- Div. 1. Crystallized.
I place this as a most curious example of Quartz new to the mineralogical writers, the six vertical edges of the columns of the crystals being truncated, doubling the number of the faces, as well as those of the pyramid, which also show the manner of the nuclei accumulating to form various sportive modifications; and some of these plates meeting in seams, as I have called them, tab. 317, distinctly show their nature. Another curiosity attached to this group is a rotate accumulation of the columnar garnet-formed Carbonate of Iron or Brown spar.
Dr. Turton has long deserved my best acknowledgements, as well as those of the public, not only for his literary talents in the translation of Linnæus’s Systerma Naturæ, but in his other endeavours to assist in the general knowledge of Natural History; nor does he omit to collect specimens that are useful to those engaged in pourtraying any particular branch. Among many other kindnesses I am glad to acknowledge the present most valuable specimen, for its novelty and very instructive formation. I should think it were a loss to the public, in a work that is to serve in many instances instead of an expensive cabinet, to omit the whole specimen, although more really valuable than glaring; and besides, a book of crystals merely cannot be so valuable, and can convey no idea of the specimen it was taken from, and which it ought to elucidate.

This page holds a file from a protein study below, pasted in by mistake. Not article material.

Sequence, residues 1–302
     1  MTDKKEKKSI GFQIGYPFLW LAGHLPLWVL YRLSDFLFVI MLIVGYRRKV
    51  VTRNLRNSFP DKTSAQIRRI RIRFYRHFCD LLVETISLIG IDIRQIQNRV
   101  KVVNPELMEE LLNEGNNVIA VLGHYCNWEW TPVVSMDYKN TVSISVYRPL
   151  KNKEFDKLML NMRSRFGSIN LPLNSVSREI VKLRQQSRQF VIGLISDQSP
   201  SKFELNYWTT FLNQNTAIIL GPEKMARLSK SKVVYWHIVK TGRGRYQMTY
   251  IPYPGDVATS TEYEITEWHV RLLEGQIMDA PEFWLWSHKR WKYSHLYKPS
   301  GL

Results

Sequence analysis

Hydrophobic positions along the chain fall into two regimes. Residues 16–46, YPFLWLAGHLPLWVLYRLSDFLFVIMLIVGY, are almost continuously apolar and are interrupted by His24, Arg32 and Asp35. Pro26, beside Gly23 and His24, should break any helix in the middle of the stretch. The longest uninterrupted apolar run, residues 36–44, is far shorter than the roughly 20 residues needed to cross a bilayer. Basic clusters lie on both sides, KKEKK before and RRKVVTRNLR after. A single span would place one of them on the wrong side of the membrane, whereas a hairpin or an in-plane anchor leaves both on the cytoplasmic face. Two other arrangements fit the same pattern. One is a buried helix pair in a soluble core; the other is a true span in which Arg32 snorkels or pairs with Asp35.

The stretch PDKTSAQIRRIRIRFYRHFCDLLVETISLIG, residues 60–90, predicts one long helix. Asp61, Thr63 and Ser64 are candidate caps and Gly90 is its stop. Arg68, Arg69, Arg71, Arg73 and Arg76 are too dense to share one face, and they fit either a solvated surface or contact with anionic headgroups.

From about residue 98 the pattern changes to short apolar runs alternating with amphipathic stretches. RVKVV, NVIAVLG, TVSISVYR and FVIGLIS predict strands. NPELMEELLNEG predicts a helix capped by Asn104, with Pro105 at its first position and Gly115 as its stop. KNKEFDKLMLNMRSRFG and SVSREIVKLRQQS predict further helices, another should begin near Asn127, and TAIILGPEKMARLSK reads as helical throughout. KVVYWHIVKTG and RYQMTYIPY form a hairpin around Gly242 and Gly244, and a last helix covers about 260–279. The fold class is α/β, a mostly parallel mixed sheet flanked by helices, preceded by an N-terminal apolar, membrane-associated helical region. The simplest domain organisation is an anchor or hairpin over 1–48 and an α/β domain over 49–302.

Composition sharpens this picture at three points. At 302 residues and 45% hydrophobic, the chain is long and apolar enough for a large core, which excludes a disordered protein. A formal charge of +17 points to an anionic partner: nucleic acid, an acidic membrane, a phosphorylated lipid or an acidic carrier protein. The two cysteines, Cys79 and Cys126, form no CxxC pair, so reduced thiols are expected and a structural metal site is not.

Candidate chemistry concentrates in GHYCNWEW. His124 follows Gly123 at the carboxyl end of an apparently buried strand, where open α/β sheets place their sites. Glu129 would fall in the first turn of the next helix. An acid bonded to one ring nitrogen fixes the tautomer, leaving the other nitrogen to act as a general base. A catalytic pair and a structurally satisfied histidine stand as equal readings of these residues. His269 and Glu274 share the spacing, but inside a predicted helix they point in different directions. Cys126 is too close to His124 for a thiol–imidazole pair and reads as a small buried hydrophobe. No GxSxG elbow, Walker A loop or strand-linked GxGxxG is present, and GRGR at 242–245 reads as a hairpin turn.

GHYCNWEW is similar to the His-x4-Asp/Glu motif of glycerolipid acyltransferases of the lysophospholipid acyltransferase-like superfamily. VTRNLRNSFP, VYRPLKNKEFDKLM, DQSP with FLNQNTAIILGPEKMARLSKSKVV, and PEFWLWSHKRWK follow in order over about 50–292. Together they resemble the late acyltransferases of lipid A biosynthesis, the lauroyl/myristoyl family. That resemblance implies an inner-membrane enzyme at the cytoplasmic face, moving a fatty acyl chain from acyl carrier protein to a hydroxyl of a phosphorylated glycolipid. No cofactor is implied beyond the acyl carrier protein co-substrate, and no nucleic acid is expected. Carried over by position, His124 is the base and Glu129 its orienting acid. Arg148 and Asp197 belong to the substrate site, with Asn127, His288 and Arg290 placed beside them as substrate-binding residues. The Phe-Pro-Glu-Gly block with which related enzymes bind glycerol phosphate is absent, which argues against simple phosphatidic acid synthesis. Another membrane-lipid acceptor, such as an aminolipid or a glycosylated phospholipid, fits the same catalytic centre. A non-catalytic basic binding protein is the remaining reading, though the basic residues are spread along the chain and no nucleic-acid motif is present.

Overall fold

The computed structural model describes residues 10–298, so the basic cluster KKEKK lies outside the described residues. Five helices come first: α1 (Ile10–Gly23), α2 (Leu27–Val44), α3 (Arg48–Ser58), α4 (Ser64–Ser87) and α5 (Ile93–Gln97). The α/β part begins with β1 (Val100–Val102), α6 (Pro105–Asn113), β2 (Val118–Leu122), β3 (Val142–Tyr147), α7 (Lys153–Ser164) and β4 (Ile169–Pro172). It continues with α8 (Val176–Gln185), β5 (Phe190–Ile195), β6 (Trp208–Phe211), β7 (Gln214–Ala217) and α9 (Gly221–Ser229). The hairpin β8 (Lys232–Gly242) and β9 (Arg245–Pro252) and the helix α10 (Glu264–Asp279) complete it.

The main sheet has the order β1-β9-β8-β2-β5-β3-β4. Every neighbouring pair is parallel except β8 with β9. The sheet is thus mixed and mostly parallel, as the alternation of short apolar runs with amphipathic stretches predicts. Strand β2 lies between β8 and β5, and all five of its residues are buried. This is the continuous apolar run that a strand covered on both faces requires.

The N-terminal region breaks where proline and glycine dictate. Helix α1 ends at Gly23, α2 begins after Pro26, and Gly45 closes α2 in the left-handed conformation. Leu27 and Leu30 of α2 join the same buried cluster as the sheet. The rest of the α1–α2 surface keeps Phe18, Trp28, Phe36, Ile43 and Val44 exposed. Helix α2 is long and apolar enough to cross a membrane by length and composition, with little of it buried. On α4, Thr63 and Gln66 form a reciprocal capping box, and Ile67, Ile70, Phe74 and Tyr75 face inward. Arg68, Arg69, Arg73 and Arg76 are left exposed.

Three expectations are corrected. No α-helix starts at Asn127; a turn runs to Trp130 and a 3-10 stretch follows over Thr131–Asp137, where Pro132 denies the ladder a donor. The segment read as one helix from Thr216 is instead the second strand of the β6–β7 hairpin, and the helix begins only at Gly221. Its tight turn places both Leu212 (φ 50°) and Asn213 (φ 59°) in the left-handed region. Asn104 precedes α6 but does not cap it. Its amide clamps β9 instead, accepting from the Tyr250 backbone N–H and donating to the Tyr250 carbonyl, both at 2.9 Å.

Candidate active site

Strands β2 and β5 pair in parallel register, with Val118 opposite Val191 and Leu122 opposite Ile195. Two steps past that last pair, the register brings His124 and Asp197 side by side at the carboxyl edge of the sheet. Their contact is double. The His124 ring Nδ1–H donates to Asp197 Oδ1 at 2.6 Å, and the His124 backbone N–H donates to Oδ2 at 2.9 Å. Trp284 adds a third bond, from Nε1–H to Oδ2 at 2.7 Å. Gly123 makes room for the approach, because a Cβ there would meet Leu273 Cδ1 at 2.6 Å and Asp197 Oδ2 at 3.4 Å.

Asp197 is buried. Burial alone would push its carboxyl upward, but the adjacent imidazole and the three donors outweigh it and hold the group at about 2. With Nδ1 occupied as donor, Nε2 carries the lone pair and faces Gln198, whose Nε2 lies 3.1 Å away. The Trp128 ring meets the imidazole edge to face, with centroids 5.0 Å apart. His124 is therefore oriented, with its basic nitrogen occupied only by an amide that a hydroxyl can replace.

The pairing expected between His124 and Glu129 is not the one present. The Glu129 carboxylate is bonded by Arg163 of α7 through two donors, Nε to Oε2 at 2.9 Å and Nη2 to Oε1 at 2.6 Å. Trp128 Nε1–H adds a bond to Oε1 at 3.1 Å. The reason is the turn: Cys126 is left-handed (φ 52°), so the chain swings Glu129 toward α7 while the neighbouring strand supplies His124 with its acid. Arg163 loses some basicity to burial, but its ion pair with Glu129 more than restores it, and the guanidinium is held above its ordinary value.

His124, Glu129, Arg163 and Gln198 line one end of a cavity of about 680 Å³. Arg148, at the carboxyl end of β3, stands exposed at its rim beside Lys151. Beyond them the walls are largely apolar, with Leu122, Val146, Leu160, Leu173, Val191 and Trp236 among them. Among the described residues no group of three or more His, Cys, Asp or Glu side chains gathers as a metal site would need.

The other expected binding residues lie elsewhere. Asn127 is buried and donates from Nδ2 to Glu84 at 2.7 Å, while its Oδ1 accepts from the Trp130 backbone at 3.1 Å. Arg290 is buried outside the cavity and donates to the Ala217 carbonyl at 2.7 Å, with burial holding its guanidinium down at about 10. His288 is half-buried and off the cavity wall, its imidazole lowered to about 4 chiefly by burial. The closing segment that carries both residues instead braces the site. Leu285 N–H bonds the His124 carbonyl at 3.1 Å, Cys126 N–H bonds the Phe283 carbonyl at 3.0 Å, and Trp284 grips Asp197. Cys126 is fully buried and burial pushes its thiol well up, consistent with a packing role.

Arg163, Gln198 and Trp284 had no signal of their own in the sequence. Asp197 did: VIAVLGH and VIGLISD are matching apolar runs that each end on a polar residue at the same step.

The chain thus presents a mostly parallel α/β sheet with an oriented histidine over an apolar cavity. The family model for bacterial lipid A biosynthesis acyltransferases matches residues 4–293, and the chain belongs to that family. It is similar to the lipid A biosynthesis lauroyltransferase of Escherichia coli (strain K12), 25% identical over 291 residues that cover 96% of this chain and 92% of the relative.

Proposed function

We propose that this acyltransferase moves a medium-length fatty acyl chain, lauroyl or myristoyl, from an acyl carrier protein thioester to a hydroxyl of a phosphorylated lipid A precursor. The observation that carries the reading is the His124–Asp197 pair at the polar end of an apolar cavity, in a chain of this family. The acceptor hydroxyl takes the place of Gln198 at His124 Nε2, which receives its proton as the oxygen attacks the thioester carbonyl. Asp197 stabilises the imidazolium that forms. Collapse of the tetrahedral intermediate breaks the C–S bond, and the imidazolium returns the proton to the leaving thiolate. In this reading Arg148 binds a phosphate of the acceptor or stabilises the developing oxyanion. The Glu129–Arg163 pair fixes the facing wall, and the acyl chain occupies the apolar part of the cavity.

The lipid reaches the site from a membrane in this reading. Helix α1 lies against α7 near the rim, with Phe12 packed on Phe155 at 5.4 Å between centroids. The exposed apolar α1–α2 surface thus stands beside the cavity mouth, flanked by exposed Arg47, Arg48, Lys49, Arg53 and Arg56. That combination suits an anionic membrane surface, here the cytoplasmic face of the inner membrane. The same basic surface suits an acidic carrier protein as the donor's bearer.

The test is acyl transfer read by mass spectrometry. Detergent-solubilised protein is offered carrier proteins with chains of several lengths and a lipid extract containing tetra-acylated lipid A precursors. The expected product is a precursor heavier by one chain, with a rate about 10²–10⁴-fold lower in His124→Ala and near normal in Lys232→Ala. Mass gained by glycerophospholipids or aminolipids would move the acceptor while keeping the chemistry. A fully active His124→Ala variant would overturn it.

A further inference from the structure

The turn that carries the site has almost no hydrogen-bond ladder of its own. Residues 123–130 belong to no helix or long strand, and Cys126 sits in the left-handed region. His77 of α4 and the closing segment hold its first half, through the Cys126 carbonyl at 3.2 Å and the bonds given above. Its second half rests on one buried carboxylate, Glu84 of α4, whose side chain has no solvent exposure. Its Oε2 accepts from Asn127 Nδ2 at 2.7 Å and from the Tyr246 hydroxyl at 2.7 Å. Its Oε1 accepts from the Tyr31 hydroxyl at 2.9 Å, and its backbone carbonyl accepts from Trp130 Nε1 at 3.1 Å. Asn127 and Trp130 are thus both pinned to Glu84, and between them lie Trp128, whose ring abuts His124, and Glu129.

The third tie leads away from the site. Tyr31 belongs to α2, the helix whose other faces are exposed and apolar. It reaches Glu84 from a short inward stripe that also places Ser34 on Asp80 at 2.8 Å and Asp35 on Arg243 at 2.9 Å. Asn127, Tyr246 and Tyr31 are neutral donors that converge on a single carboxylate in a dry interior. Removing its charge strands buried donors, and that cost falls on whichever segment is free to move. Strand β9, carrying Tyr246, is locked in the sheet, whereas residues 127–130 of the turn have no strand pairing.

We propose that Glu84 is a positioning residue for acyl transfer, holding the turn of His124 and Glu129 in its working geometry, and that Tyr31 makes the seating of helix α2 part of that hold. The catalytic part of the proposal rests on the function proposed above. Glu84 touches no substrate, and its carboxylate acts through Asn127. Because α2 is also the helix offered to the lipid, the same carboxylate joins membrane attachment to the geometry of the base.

The right hand middle figure shows the Quartz crystal magnified, and the left hand one shows a crystal detatched from the group of Garnet-like crystals of Carbonate of Lime.
The Quartz is extremely rich externally with iridescent colours; but this is lost in smallness.